Pardon the language. There is a story that goes with it. My friend Katie and I know the story as the "Cutest Damn Baby Story".
Charlie was just a little baby. Maybe 4 or 5 months old. He and I were at the Co-op where we bumped into Katie and her sweet little Anna. We were in the produce section chatting when a scruffy fisherman-looking type man in his 60's (are fishermen scruffy?) walked past, and noticed our darling babies each tucked in their slings. He stopped briefly to engage the babies in some sweet little baby-talk banter. Later I past the same man in the bulk food section, where he again took notice of Charlie. He doubled back a third time to take another look. Upon that last time he past by I overhear him mutter, "That is the cutest damn baby I ever saw."
Down Syndrome is one of the special needs that comes with a "look". When we, and other family members and friends, were first letting the Down Syndrome diagnosis sink in (which, lets face it, takes a while sometimes) we heard the sentiment "He really does not 'look' Down Syndrome at all." Should it matter? I don't know. But one of the aspects of raising a baby with Down Syndrome is coping with a child that looks different.
When Charlie was a baby, I would debate about whether I should blurt out to people that he had Down Syndrome, or if they would already know from the way he looks, or if it was important information for the world to know, or if it was better people not know if they could not tell, or, or, or.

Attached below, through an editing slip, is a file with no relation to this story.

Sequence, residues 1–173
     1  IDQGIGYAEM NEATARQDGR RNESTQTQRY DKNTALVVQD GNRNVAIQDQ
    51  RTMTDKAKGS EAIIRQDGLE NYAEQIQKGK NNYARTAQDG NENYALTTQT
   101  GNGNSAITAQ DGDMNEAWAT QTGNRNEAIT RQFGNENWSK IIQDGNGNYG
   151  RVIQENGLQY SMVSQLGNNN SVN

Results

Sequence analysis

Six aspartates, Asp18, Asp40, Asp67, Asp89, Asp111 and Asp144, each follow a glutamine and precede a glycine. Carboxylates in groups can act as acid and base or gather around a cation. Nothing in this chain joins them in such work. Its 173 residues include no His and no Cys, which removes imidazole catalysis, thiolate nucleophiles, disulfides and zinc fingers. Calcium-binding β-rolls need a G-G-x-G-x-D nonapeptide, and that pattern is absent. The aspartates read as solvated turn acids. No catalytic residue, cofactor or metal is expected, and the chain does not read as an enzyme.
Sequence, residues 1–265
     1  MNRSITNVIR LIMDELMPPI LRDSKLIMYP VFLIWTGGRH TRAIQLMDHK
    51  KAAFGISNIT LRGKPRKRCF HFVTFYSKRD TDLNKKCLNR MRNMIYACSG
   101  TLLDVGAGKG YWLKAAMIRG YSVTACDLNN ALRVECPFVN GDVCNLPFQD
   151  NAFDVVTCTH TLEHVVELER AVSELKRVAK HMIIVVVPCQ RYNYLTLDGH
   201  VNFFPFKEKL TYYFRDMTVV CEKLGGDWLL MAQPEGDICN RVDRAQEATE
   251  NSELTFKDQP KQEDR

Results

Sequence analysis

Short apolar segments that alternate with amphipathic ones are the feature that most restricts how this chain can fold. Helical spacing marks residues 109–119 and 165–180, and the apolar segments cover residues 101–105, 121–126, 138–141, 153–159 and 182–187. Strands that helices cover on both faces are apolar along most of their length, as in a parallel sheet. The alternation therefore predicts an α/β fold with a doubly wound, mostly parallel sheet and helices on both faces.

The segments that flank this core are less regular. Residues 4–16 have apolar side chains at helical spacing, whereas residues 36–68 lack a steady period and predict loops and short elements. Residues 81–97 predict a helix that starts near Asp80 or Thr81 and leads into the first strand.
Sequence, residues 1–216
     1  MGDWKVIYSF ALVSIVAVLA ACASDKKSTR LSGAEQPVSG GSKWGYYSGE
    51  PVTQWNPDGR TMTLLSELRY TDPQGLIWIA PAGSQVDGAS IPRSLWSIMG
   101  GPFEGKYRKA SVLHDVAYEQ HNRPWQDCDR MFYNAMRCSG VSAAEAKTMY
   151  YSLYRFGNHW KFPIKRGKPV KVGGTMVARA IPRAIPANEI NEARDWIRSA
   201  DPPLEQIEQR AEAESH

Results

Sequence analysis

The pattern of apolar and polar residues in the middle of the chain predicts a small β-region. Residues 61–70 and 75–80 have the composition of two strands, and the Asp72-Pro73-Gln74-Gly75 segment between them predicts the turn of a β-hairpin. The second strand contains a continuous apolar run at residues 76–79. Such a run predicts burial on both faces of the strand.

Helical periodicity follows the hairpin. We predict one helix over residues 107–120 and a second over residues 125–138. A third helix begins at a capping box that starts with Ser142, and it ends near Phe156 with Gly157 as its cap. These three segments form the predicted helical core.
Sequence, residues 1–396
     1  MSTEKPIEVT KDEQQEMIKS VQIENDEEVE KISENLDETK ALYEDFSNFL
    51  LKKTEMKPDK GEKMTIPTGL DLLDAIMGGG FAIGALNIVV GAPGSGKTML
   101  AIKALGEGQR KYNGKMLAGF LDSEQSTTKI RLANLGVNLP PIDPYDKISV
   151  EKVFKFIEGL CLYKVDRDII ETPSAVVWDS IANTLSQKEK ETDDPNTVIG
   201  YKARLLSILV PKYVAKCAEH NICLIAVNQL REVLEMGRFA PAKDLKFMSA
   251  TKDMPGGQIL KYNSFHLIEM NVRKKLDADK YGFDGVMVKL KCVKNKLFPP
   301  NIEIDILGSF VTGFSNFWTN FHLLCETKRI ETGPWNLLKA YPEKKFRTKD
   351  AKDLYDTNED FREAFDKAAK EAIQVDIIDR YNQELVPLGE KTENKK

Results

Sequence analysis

Call me shallow, but I'm not alone. When you never imagined your life would be inexplicably linked with a child who has special needs--never really considered it at all--and then all of a sudden you are not only processing what this means, but everybody around you can tell... well, it is something a parent needs to wade their way through. And fast, 'cause everyone knows.
So how did we feel about it? I did feel sensitive about Charlie's looks at times. His tiny little nose. It seemed impossible to me to get a photo of him from an angle that did not make it look like you could see straight up into his sinuses. His short little arms and legs and big tummy made it hard to dress him. I worried people would think he was overweight. His tongue stuck out a lot. And when he got his hearing aids, well, it was one more thing to look at. To make him stick out.
But also, we loved the way he looked. We were quite vain about it at times! He really was a darling baby. All those Down Syndrome features seemed to make him seem even more baby-cute. His button nose. Cupid lips. Round chubby cheeks, and roles of sweetness all over his little body. His head was perfectly round. People at church would practically take a number to get a Charlie-cuddle. Ladies would gush over him in line at the super market. Weathered fisherman-types would go out of their way to look upon him.
Cutest damn baby, indeed.
More about Babies with Down Syndrome can be found here.